Like Retraction Watch? Consider making a tax-deductible contribution to support our growth. You can also follow us on Twitter, like us on Facebook, add us to your RSS reader, sign up on our homepage for an email every time there’s a new post, or subscribe to our daily digest. Click here to review our Comments Policy. For a sneak peek at what we’re working on, click here.

Written by Alison McCook

December 21st, 2016 at 9:30 am

Posted in RW announcements

We’ve temporarily removed a Retraction Watch post. Here’s why. (Hint: A bad law.)

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Longtime Retraction Watch readers may recall that in 2013, we were forced to temporarily remove ten posts following a false — and frankly ridiculous — copyright infringement claim.

Well, it’s happened again.

On Wednesday, our host, Bluehost, forwarded us another false copyright claim — aka a Digital Millennium Copyright Act (DMCA) takedown notice — by someone calling himself “Jiya Khan” and claiming to be based in Delhi, India. (Well, specifically, in “Rohini,sector-12,” which would mean that he or she is based at one of  two petrol stations.)

Khan insisted under penalty of perjury that a December 2014 post of ours — which we have now temporarily removed from public view (more on that in a moment) — violated his or her copyright.

What actually happened, in an eerie echo of the 2013 case, is that Read the rest of this entry »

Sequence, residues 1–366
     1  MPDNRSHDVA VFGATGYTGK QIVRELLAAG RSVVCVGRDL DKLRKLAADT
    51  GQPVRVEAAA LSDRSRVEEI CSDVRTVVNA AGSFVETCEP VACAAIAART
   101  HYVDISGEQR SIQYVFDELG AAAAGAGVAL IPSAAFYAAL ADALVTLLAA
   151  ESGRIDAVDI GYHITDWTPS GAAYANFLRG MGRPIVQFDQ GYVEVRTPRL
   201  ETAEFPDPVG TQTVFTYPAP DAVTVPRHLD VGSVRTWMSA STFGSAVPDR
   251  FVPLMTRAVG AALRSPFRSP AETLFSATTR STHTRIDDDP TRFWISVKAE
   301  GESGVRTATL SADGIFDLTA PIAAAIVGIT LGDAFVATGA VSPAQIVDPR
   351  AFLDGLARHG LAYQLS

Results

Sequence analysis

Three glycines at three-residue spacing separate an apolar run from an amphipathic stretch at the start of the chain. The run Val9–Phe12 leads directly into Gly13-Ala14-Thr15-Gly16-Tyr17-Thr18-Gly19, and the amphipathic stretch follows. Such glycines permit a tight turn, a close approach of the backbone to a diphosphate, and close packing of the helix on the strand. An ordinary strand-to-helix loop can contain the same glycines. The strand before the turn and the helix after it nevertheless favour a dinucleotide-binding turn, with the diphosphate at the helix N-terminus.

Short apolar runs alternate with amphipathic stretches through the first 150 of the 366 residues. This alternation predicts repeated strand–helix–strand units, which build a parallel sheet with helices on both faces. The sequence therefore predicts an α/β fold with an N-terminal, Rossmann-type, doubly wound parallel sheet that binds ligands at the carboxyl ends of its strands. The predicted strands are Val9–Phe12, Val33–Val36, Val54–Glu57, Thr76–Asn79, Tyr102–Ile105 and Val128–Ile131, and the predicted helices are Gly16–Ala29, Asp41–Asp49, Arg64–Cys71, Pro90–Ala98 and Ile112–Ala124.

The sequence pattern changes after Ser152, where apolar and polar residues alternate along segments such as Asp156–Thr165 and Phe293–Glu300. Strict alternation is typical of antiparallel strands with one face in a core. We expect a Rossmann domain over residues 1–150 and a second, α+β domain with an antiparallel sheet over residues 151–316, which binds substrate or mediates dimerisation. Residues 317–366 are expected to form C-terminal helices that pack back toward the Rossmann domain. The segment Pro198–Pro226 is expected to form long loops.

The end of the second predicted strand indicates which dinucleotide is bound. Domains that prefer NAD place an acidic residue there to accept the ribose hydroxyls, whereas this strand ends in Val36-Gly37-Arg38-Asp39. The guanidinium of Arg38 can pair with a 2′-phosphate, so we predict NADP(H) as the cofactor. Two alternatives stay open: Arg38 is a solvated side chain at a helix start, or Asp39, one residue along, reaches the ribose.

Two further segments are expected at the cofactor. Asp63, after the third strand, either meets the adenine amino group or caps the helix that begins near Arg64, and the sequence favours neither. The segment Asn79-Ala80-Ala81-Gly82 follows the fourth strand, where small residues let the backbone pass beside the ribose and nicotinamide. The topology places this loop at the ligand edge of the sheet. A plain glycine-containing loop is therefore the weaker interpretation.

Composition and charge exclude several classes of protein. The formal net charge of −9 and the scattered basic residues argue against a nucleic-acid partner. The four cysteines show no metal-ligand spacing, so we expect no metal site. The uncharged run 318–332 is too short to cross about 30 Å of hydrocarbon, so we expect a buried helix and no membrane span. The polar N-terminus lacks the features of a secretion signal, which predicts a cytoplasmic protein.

Written by Ivan Oransky

December 16th, 2016 at 11:30 am

Retractions holding steady at more than 650 in FY2016

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pubmedDrumroll please.

The tally of retractions in MEDLINE — one of the world’s largest databases of scientific abstracts — for the last fiscal year has just been released, and the number is: 664.

Earlier this year, we scratched our heads over the data from 2015, which showed retractions had risen dramatically, to 684. The figures for this fiscal year — which ended in September — have held relatively steadily at that higher number, only dropping by 3%. (For some sense of scale, there were just shy of 870,000 new abstracts indexed in MEDLINE in FY2016; 664 is a tiny fraction of this figure, and of course not all of the retractions were of papers published in FY2016.)

Of note: In FY2014, there were fewer than 500 retractions — creating an increase of nearly 40% between 2014 and 2015. (Meanwhile, the number of citations indexed by MEDLINE rose only few percentage points over the same time period.) Which means the retraction rate in the last two years is dramatically higher than in 2014.

We have often wondered whether the retraction rate would ever reach a plateau, as the community’s ability to find problems in the literature catches up with the amount of problems present in the literature. But based on two years of data, we can’t say anything definitive about that.

Here’s an illustration of retraction data from recent years:

Read the rest of this entry »

Written by Alison McCook

December 5th, 2016 at 11:40 am

It’s Giving Tuesday: Consider supporting Retraction Watch

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RW logoWithout you, we wouldn’t exist. Plain and simple.

From story tips, to encouragement, to comments that add more substance to a story, we thank you, and are forever grateful. With your help, we can continue to shine a spotlight on scientific misconduct and hopefully improve the process of self-correction.

And there’s another way in which you’ve supported us throughout the years: With generous donations. Now, on this Giving Tuesday, we’re hoping some of you will consider making tax-deductible charitable contributions to The Center For Scientific Integrity, the 501(c)3 parent organization of Retraction Watch. Please consider financially supporting our work — any amount helps. Read the rest of this entry »

Written by Alison McCook

November 29th, 2016 at 8:30 am

Posted in RW announcements